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Burned body found atop SEPTA train identified as Philadelphia teen

A Philadelphia teenager, found dead on top of a SEPTA train last week, may have been a runaway.

Investigators at Jefferson Station examine a SEPTA Regional Rail train after a burned body was found on top of it on Nov. 24, 2017.
Investigators at Jefferson Station examine a SEPTA Regional Rail train after a burned body was found on top of it on Nov. 24, 2017.Read moreJessica Griffin / Staff Photographer

The teenager found burned on a SEPTA train has been identified by police as a West Philadelphia 15-year-old.

Raekwon Jones of  Mill Creek was found dead atop a SEPTA Regional Rail train at Jefferson Station shortly before 8 a.m. Friday, Philadelphia police reported Tuesday. His cause of death had not been listed, police said.

Two sources with knowledge of the investigation said Jones was apparently electrocuted on top of the train overnight Friday at Suburban Station. It was unclear why he was on top of the train, but the sources said SEPTA police are present in the station overnight to conduct security sweeps of the station.

The Philadelphia Fire Department was called to Suburban Station about 1 a.m. Friday for a fire alarm, sources said, likely triggered by Jones' electrocution. Firefighters went to the station but did not find Jones' body.

It wasn't discovered until after the train left Suburban Station and arrived at Jefferson.

Jones may have been a runaway, sources said. A 15-year-old by that name from Philadelphia was listed in a database maintained by the National Center for Missing and Exploited Children. He had been missing since Sept. 29, according to that listing.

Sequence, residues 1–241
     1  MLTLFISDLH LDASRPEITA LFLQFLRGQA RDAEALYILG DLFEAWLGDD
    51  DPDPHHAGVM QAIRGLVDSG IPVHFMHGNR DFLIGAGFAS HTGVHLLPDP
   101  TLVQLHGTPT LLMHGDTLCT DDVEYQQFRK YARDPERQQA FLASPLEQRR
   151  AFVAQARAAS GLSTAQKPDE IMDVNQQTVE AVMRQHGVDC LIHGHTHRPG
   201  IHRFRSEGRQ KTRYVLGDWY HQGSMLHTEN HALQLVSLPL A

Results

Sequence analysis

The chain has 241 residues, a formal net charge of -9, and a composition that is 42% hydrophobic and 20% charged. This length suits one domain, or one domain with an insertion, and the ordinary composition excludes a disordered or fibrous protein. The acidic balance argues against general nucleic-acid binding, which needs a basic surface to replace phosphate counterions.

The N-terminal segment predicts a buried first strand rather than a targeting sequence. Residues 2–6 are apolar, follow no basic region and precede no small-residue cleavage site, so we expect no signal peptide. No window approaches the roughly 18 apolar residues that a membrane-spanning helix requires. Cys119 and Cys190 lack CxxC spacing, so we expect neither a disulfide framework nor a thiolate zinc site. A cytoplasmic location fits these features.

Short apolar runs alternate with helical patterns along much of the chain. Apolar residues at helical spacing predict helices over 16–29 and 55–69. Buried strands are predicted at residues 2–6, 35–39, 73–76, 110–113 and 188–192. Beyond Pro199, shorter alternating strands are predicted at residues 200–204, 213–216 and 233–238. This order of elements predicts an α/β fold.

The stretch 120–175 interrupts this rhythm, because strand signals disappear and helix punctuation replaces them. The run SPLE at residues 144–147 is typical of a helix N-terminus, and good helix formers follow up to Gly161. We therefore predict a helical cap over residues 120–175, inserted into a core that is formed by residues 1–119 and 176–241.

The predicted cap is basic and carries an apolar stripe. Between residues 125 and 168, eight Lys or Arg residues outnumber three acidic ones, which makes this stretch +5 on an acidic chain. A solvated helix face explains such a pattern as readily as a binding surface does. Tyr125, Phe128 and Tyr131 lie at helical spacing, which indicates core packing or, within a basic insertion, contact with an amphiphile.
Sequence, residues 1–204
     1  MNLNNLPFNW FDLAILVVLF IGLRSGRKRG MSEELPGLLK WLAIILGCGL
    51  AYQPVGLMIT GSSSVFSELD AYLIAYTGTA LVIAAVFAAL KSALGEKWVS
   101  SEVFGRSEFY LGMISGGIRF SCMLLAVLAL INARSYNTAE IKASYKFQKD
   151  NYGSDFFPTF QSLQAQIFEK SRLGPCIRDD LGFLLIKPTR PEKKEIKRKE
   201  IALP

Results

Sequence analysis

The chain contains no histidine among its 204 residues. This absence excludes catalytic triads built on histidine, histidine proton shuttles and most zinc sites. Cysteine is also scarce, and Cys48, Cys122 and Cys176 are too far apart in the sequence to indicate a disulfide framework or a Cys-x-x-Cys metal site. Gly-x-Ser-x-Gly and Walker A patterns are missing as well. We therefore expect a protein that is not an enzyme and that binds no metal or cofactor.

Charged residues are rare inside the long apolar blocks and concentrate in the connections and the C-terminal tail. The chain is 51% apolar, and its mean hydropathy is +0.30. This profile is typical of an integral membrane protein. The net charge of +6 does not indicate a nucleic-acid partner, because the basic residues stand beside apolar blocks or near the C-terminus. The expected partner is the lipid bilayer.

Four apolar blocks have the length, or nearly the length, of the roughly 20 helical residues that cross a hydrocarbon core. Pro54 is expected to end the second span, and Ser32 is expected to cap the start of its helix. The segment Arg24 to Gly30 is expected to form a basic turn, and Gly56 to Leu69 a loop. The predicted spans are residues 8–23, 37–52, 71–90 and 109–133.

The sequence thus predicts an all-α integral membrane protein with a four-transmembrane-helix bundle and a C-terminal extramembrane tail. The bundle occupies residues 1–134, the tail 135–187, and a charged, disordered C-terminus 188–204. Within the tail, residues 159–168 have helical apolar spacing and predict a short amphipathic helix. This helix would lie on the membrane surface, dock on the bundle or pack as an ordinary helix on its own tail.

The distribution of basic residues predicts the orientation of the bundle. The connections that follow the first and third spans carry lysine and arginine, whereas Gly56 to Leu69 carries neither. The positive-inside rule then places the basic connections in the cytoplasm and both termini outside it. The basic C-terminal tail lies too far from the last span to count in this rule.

A spokeswoman for Pennsylvania's Department of Human Services would not comment on whether Jones had any relationship with that department. The agency provides information about children who die as a result of abuse or neglect, she said.

When Jones' body was first discovered, SEPTA officials noted how dangerous the voltage at the top of Regional Rail trains could be. Trains are powered by almost 12,000 volts, and touching overhead wires or the pantograph, the device that connects the train to its power source, is deadly, officials said.

Even being near the wires or pantograph can kill, they said. If a person is near high voltage with metal in a pocket, the electricity can be drawn to the metal and arc toward the person.

SEPTA's trains all bear warnings of the electrical current, officials said.